Author: Yasunari Kawabata
Translator: Edward G. Seidensticker
Publisher: Penguin Classics
Publishing Date: 2011
Number of Pages: 101
Genre: Historical, Japanese Literature
Kikuji has been invited to a tea ceremony by a mistress of his dead father. He is shocked to find there the mistress’s rival and successor, Mrs. Ota, and that the ceremony has been awkwardly arranged for him to meet his potential future bride. But he is most shocked to be drawn into a relationship with Mrs. Ota – a relationship that will bring only suffering and destruction to all of them.
Ever since I began reading Haruki Murakami, through that eclectic novel 1Q84, I was since enamored with Japanese authors. However, my knowledge of Japanese works was still limited. It was only through list.challenges that I have encountered some of the more recognized Japanese authors like Kenzaburo Oe, Kazuo Ishiguro, and Shusako Endo.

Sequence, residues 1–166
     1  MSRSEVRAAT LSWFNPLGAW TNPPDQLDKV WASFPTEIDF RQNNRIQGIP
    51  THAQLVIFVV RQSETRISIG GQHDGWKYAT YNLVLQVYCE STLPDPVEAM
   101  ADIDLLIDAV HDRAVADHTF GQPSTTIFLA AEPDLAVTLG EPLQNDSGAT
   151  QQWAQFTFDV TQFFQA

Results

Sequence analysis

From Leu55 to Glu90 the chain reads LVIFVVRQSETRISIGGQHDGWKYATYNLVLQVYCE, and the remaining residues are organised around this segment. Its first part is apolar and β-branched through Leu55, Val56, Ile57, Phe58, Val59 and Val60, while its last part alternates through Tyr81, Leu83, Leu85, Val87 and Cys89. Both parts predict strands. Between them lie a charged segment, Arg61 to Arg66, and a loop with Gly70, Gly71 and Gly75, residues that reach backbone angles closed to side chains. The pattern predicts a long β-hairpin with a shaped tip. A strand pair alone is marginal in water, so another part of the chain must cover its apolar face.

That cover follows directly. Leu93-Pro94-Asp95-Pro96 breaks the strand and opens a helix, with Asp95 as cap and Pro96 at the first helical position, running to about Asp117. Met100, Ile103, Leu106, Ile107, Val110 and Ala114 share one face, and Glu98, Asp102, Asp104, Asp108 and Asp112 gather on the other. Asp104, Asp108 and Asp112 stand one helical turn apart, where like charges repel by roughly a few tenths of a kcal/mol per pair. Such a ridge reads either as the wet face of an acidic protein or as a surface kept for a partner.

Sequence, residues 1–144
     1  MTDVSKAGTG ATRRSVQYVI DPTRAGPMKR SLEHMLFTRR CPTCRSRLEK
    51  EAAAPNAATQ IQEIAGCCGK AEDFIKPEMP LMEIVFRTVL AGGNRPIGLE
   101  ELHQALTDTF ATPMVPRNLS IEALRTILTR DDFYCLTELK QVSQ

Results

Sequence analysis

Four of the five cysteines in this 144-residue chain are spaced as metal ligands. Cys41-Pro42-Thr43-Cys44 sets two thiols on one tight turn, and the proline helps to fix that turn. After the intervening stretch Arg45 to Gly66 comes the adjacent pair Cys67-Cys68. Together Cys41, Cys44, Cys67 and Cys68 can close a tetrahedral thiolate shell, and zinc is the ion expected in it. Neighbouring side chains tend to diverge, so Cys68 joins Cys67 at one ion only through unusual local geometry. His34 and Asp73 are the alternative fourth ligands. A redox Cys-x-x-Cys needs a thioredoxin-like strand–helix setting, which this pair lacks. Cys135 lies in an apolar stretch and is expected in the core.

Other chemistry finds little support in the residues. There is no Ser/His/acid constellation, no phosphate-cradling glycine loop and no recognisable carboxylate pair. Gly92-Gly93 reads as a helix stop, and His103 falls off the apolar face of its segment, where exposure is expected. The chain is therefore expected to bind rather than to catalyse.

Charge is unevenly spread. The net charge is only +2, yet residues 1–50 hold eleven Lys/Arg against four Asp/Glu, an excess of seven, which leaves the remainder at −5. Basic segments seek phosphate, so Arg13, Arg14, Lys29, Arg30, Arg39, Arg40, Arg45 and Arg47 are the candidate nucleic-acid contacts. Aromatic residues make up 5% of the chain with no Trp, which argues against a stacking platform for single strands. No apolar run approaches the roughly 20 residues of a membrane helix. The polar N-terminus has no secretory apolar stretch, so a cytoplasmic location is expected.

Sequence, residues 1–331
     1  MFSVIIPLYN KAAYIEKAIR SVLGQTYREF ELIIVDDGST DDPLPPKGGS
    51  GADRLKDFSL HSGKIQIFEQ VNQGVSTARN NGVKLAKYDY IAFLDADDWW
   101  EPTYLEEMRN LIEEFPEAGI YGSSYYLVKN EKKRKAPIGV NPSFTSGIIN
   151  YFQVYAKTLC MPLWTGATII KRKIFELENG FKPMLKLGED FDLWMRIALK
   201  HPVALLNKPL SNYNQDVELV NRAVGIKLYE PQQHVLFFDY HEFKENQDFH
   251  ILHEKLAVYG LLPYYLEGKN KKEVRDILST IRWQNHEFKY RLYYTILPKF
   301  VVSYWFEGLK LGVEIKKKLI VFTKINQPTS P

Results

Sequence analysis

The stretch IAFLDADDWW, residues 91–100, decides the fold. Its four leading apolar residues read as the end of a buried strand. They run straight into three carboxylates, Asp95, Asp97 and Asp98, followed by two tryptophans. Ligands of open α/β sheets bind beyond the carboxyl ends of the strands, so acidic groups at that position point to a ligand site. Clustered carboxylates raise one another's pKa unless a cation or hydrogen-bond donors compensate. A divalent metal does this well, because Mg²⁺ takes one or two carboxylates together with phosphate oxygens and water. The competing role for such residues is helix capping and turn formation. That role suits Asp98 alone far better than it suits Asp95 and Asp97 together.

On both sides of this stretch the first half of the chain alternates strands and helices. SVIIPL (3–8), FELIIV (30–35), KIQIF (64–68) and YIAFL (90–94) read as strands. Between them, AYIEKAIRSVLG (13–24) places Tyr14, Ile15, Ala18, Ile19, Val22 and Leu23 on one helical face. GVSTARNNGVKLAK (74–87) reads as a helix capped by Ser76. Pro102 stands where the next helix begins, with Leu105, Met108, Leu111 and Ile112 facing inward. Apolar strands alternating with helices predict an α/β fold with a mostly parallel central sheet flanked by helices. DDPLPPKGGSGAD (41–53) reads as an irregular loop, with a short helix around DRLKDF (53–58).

One other Japanese author that piqued my curiosity is Yasunari Kawabata, who happens to be a Noble Peace Prize Winner in Literature as well. I was fairly impressed with his resume that I was on the lookout for his books on online sellers and even on bookstores. Thankfully I was able to read some of his works like Beauty and Sadness, The House of Sleeping Beauties and Snow Country. I liked the sentimentality and brevity of his works. But there was one particular book that I have been wanting to read – Thousand Cranes, which proved quite elusive. Thankfully, a cousin gifted it to me. And I read the book the soonest I could.